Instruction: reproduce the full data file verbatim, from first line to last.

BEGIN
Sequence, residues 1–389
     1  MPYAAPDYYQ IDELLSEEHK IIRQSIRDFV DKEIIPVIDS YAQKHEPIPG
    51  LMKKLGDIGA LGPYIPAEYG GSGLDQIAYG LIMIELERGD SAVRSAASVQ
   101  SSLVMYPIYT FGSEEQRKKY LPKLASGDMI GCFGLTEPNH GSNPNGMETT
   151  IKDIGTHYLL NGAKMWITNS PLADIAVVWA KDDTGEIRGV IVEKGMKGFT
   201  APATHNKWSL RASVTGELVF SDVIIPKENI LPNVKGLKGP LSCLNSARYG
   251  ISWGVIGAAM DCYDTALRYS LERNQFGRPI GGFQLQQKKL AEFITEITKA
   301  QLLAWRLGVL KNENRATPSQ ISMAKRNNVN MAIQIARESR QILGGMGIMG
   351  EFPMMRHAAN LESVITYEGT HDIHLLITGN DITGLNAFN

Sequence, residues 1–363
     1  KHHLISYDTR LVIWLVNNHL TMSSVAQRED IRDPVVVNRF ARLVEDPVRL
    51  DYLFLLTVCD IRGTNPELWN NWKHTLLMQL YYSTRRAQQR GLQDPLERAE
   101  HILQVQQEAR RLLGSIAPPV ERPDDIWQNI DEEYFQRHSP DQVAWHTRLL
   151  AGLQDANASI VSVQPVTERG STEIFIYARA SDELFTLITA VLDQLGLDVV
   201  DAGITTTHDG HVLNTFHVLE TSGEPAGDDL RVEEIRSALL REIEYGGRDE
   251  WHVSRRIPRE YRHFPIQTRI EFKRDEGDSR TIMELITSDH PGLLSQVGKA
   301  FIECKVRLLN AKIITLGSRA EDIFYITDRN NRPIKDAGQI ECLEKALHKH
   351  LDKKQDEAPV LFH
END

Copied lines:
Sequence, residues 1–389
     1  MPYAAPDYYQ IDELLSEEHK IIRQSIRDFV DKEIIPVIDS YAQKHEPIPG
    51  LMKKLGDIGA LGPYIPAEYG GSGLDQIAYG LIMIELERGD SAVRSAASVQ
   101  SSLVMYPIYT FGSEEQRKKY LPKLASGDMI GCFGLTEPNH GSNPNGMETT
   151  IKDIGTHYLL NGAKMWITNS PLADIAVVWA KDDTGEIRGV IVEKGMKGFT
   201  APATHNKWSL RASVTGELVF SDVIIPKENI LPNVKGLKGP LSCLNSARYG
   251  ISWGVIGAAM DCYDTALRYS LERNQFGRPI GGFQLQQKKL AEFITEITKA
   301  QLLAWRLGVL KNENRATPSQ ISMAKRNNVN MAIQIARESR QILGGMGIMG
   351  EFPMMRHAAN LESVITYEGT HDIHLLITGN DITGLNAFN

Sequence, residues 1–363
     1  KHHLISYDTR LVIWLVNNHL TMSSVAQRED IRDPVVVNRF ARLVEDPVRL
    51  DYLFLLTVCD IRGTNPELWN NWKHTLLMQL YYSTRRAQQR GLQDPLERAE
   101  HILQVQQEAR RLLGSIAPPV ERPDDIWQNI DEEYFQRHSP DQVAWHTRLL
   151  AGLQDANASI VSVQPVTERG STEIFIYARA SDELFTLITA VLDQLGLDVV
   201  DAGITTTHDG HVLNTFHVLE TSGEPAGDDL RVEEIRSALL REIEYGGRDE
   251  WHVSRRIPRE YRHFPIQTRI EFKRDEGDSR TIMELITSDH PGLLSQVGKA
   301  FIECKVRLLN AKIITLGSRA EDIFYITDRN NRPIKDAGQI ECLEKALHKH
   351  LDKKQDEAPV LFH